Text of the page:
BAQ only. I use lemon juice, and it is only dry for a few days. I also do coconut oil overnight soaks, and use no commercial shampoos........

Anje
March 17th, 2008, 08:48 PM
I find it to be a little harsh and drying, and I get itchy skin bumps on my scalp, ears, and wherever else it got smudged onto. (It doesn't look like an allergic reaction, and I get it when I do anything really drying to my skin.) Goes away in a few days, though, and I like the color and thickness henna gives me, so I've used it repeatedly for quite a while. I tend to get henna from the local international market, so it's not necessarily BAQ but seems pretty good to me.

If you're not sure, and have used chemical colors in the past, probably the best thing you can do is test the henna on some shed hair from your brush. That way, you'll know if it's going to turn frogbutt green on you. Stick the hair you're testing in a little baggy in your pocket so it gets body heat.

quidscribis
March 18th, 2008, 06:49 AM
My hair has a tendency to be on the dry side and I have some canopy damage from old conventional hair colour.

Henna has hugely improved the condition of the damaged hair, and really all of my hair. It's much more shiny than it ever was and the colour is, well, for me about the same as without the henna. The first time I hennaed I did experience a little more dryness and tangliness,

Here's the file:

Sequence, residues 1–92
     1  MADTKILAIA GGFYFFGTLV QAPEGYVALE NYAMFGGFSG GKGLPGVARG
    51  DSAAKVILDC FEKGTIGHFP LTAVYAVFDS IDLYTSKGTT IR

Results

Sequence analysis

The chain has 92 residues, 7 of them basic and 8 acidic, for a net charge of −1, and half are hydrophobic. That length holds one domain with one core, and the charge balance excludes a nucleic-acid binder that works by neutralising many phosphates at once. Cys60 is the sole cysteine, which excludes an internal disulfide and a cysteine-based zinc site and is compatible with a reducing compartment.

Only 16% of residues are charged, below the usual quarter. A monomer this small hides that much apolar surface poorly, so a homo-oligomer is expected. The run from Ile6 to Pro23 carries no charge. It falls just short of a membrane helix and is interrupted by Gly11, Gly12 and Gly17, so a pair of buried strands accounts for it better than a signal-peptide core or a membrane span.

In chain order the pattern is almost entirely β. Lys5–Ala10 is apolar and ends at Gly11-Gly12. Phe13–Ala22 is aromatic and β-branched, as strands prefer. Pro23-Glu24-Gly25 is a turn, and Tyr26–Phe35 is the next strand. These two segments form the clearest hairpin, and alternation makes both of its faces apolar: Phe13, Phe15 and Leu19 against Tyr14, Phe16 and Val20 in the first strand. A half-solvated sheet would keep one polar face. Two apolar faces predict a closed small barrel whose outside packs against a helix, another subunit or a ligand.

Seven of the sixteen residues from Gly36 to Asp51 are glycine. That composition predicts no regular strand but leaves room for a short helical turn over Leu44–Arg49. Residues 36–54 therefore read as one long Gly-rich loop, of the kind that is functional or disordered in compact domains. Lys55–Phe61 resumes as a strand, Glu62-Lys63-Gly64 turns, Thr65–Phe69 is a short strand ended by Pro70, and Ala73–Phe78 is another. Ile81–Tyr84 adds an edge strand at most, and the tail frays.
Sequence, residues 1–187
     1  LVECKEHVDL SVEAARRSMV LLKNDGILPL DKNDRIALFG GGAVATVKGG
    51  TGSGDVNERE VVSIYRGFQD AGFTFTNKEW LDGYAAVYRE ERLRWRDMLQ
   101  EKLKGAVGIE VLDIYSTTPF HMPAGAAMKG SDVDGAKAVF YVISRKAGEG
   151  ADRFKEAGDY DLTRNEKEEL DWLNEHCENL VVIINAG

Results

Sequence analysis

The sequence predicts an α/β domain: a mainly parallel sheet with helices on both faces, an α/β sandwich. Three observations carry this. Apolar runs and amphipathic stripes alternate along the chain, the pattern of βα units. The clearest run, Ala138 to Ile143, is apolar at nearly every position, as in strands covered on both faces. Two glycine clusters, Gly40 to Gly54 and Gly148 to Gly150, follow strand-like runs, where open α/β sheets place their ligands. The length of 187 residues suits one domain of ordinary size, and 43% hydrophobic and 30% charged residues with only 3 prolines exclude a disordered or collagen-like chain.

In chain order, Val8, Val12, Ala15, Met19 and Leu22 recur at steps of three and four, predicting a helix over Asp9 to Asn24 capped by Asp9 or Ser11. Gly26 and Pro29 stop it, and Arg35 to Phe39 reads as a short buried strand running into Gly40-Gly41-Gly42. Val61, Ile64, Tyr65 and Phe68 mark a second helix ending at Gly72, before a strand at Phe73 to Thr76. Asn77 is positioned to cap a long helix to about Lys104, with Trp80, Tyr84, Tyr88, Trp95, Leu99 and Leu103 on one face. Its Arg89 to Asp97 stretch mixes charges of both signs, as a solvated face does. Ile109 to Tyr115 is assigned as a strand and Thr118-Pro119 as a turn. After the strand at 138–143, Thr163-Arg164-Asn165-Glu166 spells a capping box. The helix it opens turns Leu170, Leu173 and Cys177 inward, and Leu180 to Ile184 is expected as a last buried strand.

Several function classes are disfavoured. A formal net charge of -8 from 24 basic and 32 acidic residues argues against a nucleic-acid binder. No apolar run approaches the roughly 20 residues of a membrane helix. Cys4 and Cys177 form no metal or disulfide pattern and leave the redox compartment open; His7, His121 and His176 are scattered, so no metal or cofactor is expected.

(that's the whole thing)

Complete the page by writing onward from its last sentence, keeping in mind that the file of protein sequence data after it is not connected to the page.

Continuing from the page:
That's completely true for me as well, including the damage from old conventional hair colour. I followed up a henna with a deep condition, and the dryness was completely gone. My hair is, however, now permanently stronger and healthier than it was pre-henna. My hair is back to slippery again. Which sucks for trying to put it up, but is, for my hair, a sign of good health. :)

Nightshade
March 18th, 2008, 07:54 AM
Add me to the list of people whose damaged hair was saved by henna. Without that to add some strength my hair would be a lot shorter at this point :o

khyricat
March 18th, 2008, 09:19 AM
good point nightshade, my hair is capable of getting much more length now than I've ever had in recent years and a lot of that is Henna.. I used Henna in college the first go round too and had more length then as well..

Elfling
March 18th, 2008, 01:19 PM
good point nightshade, my hair is capable of getting much more length now than I've ever had in recent years and a lot of that is Henna.. I used Henna in college the first go round too and had more length then as well..

Offtopic just to squeeee! at your gliders :) I have three of my own.

meliora
March 18th, 2008, 06:39 PM
Alright... sorry to break the positive atmosphere, but I am one of the people whose hair absolutely did not like henna. The results were not good, and the dryness did not go away after a few days; it persisted for weeks, and it took many deep oilings to fix it. This one application made my hair even more damaged than before.

Originally I really liked the idea of hennaing, since my mother and grandmother have used it in the past with good results.